Pacific: Human Rights at Sea report highlights alleged fisheries abuses and related deaths

Screenshot of 'Fisheries Abuses and Related Deaths at Sea in the Pacific Region' front page.A new report by Human Rights at Sea, Investigative Report and Case Study - Fisheries Abuses and Related Deaths at Sea in the Pacific Region, cites the occurrence of potential human rights abuses occurring in the fishing industry in the Pacific region and, in particular, the alleged disappearance of fisheries observers. 

Two companies are names in the report: Gilontas and Rocmar Seafood. Business & Human Rights Resource invited these companies to respond to the allegations raised in the Human Rights at Sea report about potential human rights abuses occurring in their supply chains. Both companies responded - their responses are linked below. The original Human Rights at Sea report is also linked below.

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Company response
13 February 2018

Gilontas' Response

Author: Gilontas

Business & Human Rights Resource Centre invited Gilontas to respond to concerns raised in the Human Rights at Sea, Investigative Report and Case Study - Fisheries Abuses and Related Deaths at Sea in the Pacific Region, which cites the occurrence of potential human rights abuses occurring in the fishing industry in the Pacific region and, in particular, the alleged disappearance of fisheries observers.

The company responded:

"1. I have not been in presence of information indicating that there are human rights violation cases against any ship owned by the Gilontas Group.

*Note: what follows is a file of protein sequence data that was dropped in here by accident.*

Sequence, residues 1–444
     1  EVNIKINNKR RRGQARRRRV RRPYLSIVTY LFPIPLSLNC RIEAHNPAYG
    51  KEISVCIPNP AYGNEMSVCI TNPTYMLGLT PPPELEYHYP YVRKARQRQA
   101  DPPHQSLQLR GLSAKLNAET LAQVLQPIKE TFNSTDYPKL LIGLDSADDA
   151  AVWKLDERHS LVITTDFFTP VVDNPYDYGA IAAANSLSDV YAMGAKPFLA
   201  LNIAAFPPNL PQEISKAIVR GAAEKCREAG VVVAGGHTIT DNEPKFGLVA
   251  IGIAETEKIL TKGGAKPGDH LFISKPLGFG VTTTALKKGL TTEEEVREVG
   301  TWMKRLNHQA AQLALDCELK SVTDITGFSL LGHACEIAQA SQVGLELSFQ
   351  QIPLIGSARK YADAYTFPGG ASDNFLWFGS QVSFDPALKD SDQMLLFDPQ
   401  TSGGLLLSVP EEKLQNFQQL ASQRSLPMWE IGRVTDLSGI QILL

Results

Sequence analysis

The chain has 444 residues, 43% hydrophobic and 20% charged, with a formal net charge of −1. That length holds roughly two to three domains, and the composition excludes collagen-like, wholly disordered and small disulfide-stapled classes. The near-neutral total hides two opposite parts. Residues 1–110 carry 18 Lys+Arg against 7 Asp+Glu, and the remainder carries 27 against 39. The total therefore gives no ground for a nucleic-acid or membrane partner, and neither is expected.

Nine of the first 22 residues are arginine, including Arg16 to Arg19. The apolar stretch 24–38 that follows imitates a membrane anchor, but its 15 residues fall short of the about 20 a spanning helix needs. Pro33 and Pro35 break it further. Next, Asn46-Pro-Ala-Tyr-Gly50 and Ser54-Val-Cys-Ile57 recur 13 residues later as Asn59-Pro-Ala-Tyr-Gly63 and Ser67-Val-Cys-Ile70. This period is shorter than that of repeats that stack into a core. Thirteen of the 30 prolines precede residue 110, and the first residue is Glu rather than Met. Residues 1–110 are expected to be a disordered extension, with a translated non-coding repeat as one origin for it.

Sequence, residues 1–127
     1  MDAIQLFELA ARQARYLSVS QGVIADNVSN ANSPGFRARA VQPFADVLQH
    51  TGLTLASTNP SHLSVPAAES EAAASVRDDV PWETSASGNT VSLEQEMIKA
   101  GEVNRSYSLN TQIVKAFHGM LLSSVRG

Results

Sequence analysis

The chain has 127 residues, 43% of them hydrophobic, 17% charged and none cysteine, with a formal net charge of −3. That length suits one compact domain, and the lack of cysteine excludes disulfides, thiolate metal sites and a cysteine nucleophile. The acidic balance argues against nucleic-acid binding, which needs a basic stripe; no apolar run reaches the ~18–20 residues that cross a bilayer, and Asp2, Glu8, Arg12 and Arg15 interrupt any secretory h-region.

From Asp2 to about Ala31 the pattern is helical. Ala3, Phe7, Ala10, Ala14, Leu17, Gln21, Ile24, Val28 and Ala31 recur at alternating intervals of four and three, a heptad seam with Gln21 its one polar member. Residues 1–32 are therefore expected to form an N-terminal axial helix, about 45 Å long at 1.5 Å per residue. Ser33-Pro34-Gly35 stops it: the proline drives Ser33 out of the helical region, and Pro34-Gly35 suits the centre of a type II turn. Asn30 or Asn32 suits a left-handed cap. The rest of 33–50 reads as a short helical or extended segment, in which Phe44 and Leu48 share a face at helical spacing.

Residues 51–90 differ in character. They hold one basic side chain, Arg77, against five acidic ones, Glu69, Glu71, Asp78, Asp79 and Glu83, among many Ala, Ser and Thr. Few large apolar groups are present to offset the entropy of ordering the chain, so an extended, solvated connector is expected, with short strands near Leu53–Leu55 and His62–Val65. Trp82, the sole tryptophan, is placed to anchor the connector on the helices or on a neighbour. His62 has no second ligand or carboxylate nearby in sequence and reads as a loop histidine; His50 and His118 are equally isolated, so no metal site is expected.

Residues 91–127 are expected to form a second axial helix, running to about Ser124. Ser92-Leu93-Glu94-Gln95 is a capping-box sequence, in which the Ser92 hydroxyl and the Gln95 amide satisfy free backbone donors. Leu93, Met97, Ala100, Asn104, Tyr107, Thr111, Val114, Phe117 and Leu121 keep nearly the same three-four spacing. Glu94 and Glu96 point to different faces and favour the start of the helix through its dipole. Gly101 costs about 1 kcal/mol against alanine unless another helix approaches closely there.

2. We have no comments on the dissappearance of observer Keith Davis since, according to HRAS' 1 December 2017 report, there is a case still open on that matter. However, please  be informed that the Gilontas Group has cooperated with the authorities that conducted the investigation. 

Panama is the flag state of M/N Victoria No. 168 and its relevant authorities [Office of Judicial Investigations (Dirección de Investigaciones Judiciales) and the Maritime Authority of Panama (Autoridad Marítima de Panamá)] conducted an investigation and, as it involved a US citizen, we understand that it was supported by US authorities who also conducted their own investigation."

When further asked about abuses occurring within Gilontas' supply chain, the company responded:

"There are no human rights abuses occurring within the supply chain of the Gilontas Group that I know or can comment about."

Company response
13 February 2018

Rocmar Seafood's Response

Author: Rocmar Seafood

Business & Human Rights Resource Centre invited Rocmar Seafood to respond to concerns raised in the Human Rights at Sea, Investigative Report and Case Study - Fisheries Abuses and Related Deaths at Sea in the Pacific Region, which cites the occurrence of potential human rights abuses occurring in the fishing industry in the Pacific region and, in particular, the alleged disappearance of fisheries observers.

The company responded:

"Rocmar Seafood is a processing plant that exclusively processes and packs fishing products. We do not own nor manage ships or sea personnel. 

Our personnel works under strict regulations from Panama Labor Code, which include benefits such as vacation days, bonuses, medical insurance etc.  Rocmar Seafood is respectful to all human right laws and regulations."

When further asked about abuses occurring within Rocmar Seafood's supply chain, the company responded:

"Rocmar Seafood is very respectful to all human rights laws and regulation, we don’t have any human rights abuses occurring within the supply chain of our company."

Report
12 February 2018

Investigative Report and Case Study - Fisheries Abuses and Related Deaths at Sea in the Pacific Region

Author: Human Rights at Sea

December 2017

...In the Pacific Region, maritime fishing can contribute up to 10% of the states’ GDP, and provide employment for up to 60% of the population. However, due to the profitability of this sector unsustainable and illegal practices are increasingly threatening this situation.

The complex international law picture has made it impossible to set legally enforceable minimum standards, putting Fishing Observers and crew members alike at the mercy of potentially unscrupulous corporations...

Download the full document here